Jeudi 20 mars 2003
I will first give a general introduction to the subject of cold gases and describe the first generation of studies, starting with the discovery of Bose-Einstein condensation (BEC) in alkali atom clouds at JILA and MIT in 1995. It will be emphasized that first experiments with trapped Bose-condensed gases have revealed profound collective (condensed matter) behavior of these extremely dilute systems, originating from the dominant role of interparticle< interaction. The next step will the description of phase coherence studies in trapped condensates. Aside from fundamental aspects, these studies are important for future applications, such as atom lasers and atom interferometry. I will discuss to which extent the phase decoherence in elongated condensates is related to the physics of one-dimensional (1D) Bose gases. Introducing the notion of a quasicondensate, or condensate with fluctuating phase, I will analyze the results of recent experiments at Hannover and at Orsay.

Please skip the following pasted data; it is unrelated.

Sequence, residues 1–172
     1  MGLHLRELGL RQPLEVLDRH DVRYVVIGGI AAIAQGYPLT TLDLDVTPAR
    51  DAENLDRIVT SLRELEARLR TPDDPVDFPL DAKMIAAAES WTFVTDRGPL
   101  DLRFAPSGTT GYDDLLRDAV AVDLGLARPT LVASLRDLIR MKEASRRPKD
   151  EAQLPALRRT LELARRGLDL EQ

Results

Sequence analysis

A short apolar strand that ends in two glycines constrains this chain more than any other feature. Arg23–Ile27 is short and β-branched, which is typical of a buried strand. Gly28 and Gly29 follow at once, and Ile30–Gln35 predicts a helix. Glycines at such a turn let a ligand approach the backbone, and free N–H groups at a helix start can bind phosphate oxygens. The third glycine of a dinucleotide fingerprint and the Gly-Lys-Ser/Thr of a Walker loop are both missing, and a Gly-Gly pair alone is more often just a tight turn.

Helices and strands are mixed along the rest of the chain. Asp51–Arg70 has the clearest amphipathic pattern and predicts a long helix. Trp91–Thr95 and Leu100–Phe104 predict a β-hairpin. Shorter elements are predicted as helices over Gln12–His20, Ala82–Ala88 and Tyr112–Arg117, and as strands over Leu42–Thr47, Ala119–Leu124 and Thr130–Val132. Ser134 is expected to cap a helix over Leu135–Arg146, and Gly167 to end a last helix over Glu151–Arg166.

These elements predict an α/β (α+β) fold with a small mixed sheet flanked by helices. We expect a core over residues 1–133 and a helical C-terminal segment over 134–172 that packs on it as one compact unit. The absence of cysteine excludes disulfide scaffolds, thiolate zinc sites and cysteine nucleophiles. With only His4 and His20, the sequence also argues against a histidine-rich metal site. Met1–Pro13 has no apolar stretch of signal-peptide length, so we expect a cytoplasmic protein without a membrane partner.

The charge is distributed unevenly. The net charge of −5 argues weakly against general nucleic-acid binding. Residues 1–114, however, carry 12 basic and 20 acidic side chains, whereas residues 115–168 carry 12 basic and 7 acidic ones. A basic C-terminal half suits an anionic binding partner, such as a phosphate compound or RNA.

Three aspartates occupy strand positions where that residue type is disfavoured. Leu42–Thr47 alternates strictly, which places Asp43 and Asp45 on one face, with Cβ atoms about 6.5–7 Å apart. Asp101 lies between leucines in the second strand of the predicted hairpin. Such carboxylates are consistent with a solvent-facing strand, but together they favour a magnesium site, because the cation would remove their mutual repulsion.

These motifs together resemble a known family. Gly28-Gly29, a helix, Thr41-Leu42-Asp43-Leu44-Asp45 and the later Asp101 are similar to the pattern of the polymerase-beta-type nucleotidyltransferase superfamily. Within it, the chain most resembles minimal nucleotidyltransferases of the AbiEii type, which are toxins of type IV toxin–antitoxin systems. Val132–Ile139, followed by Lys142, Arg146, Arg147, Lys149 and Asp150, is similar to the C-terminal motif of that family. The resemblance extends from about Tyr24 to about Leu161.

The second half of the talk will be dedicated to quantum degenerate regimes in 1D trapped Bose gases, which are created by (tightly) confining the motion of particles in two directions to zero point oscillations. Emphasizing the presence of two physically distinct regimes - the quasicondensate regime and the strongly interacting Tonks regime of "fermionization", I will discuss how correlation properties of the gas manifest themselves in the rates of intrinsic inelastic processes, such as 3-body recombination. It will be shown that fermionization enhances the stability of the gas and makes it possible to achieve large densities. In conclusion, I will discuss current experiments and prospects on achieving fermionization in Bose gases.